RALEIGH, N.C. – Now that Larry Ellison, perhaps Red Hat’s biggest nemesis other than Microsoft, has directed Oracle to buy Sun Microsystems, does IBM buy Red Hat?

Or does Red Hat become the “Switzerland” of software, as its CEO wants?

Some sort of Red Hat deal is – again – the speculation on Wall Street. In fact, TheFlyOnTheWall Web site and a Barron’s blogger speculated this week that a rally in Raleigh-based Red Hat shares this week is a reaction to the Oracle-Sun deal that left IBM on the outside looking in for open source opportunities.

Of course, IBM execs sniff that they didn’t like the smell of Sun’s financials and intellectual property enough to buy. But if an Oracle-Sun deal means more competition for Big Blue in the hardware and software space, might it scoop up Red Hat for its Linux open source expertise and its growing JBoss suite?

“It’s not hard to get the logic” of an IBM-Red Hat combination, wrote Barron’s Eric Savitz. “Oracle is bulking up in open source, acquiring MySQL via its pending deal for Sun. So maybe IBM will want to strike back by taking a big share of the Linux market. At least, that’s the theory. Whether there is any there there, I have no idea. I would note, however, that Red Hat is a frequent subject of speculation, and previously has been linked to potential deals with Cisco and Oracle. And so far, there has been smoke, but no fire.”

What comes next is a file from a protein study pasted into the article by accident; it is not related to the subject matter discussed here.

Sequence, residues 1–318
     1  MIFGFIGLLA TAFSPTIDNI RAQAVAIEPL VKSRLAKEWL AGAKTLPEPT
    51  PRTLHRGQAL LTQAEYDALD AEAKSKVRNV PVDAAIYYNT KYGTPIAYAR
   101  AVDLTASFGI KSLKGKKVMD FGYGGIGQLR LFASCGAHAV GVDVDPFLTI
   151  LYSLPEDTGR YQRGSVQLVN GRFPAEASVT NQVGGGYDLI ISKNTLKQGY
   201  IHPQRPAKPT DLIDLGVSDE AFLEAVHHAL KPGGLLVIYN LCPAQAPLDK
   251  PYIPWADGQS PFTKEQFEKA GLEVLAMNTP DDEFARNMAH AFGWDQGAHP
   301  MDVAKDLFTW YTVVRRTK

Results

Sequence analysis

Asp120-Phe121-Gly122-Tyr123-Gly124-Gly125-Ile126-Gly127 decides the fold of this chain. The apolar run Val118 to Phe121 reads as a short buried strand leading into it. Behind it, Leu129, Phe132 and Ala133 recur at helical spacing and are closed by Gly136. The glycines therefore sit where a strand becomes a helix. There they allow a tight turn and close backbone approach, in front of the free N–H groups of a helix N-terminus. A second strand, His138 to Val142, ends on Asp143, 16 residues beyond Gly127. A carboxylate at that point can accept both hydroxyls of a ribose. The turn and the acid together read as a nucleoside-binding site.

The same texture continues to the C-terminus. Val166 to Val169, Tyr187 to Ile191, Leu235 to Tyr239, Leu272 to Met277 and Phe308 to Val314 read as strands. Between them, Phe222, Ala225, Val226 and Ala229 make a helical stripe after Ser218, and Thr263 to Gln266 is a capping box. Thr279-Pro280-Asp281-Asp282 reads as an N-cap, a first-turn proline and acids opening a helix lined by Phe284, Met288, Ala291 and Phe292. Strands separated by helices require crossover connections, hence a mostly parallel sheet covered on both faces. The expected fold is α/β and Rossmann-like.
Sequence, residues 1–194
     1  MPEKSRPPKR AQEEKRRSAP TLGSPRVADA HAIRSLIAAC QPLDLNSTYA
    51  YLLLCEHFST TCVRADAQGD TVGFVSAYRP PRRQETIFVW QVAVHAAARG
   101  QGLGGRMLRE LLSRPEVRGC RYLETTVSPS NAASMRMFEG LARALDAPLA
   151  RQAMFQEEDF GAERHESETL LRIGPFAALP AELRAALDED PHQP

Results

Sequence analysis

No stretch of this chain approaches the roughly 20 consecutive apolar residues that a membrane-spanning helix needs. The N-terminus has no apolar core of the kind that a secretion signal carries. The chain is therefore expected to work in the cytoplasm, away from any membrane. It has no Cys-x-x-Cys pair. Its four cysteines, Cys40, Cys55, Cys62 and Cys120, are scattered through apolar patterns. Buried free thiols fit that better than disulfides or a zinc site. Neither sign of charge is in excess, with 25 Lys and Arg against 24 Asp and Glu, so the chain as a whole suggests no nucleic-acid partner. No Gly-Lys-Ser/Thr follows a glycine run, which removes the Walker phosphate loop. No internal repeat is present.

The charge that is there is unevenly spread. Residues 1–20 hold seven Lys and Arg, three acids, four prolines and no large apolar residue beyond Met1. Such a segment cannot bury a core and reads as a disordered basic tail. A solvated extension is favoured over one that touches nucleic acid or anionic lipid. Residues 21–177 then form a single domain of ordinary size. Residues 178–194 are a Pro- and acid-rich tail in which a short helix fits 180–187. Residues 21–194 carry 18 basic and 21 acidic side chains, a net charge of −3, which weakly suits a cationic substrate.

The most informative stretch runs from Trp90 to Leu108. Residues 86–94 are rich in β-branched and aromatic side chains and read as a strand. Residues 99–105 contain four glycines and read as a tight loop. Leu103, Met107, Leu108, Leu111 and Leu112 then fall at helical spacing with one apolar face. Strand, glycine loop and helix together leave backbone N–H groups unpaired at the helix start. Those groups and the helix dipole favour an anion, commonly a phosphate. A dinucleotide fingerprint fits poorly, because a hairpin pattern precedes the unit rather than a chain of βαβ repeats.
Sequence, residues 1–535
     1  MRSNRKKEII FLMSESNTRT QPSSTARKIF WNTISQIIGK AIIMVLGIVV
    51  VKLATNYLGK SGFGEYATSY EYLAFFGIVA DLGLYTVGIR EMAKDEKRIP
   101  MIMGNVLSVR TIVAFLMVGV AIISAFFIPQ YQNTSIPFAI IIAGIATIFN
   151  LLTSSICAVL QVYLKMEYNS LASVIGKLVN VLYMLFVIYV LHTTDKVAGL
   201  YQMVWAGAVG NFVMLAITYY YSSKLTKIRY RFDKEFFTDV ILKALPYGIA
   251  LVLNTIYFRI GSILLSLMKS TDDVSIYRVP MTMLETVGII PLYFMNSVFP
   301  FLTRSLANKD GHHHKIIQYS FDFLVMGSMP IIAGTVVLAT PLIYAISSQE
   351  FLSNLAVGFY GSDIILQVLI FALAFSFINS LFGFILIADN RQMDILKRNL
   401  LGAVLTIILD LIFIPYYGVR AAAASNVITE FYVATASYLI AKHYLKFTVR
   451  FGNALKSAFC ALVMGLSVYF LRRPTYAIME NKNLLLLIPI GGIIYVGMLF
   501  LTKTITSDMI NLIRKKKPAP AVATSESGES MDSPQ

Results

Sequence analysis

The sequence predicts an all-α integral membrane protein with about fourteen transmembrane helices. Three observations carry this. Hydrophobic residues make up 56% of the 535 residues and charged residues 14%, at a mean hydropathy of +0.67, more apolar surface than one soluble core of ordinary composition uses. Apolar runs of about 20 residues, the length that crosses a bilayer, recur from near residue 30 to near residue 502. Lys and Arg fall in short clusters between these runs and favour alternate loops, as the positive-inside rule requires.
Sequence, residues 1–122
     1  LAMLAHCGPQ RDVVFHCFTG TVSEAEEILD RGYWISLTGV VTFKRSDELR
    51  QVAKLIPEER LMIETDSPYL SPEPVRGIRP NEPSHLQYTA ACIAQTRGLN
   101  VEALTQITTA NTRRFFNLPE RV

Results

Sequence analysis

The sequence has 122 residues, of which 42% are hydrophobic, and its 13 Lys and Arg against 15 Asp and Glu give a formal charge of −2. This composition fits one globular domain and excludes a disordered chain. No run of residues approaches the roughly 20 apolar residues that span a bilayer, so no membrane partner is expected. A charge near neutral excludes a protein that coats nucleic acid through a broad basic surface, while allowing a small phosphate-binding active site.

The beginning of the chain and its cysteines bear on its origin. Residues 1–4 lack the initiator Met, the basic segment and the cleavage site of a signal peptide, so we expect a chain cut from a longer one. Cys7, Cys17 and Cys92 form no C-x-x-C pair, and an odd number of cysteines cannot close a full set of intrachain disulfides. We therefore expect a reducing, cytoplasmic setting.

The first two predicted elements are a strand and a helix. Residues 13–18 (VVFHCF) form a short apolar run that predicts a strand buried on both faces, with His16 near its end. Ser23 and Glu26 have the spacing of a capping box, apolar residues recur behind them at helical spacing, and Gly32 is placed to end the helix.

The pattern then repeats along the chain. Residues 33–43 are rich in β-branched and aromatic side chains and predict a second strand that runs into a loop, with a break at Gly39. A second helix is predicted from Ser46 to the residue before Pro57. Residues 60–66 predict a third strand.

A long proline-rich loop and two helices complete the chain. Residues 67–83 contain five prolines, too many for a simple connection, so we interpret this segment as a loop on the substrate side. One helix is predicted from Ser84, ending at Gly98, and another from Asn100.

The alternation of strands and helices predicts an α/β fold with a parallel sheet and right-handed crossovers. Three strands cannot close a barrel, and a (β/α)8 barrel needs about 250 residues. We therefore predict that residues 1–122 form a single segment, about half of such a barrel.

Red Hat Chief Executive Officer Jim Whitehurst told the U.K.’s CIO Web site this week that the Oracle-Sun deal could help the Hatters. He also said Red Hat has no plans to buy anyone as a counter to Oracle’s move.

"We were a bit surprised like everybody else [by the deal]," Whitehurst told CIO. "We’ve got good relationships with both and we assume that will continue going forward."

He told CIO that red Hat wants to be the “Switzerland” for enterprise software – in other words, a partner to all.

Red Hat shares closed Thursday at $17.96, down 41 cents. So for the moment at least some of the buyout talk must be cooling. Otherwise RHT would be soaring toward its 52-week high of $24.84. But also remember this – Red Hat shares were a bargain in November at $7.89. Two good quarterly profits reports have helped drive the stock back up. Is speculation playing a role, too?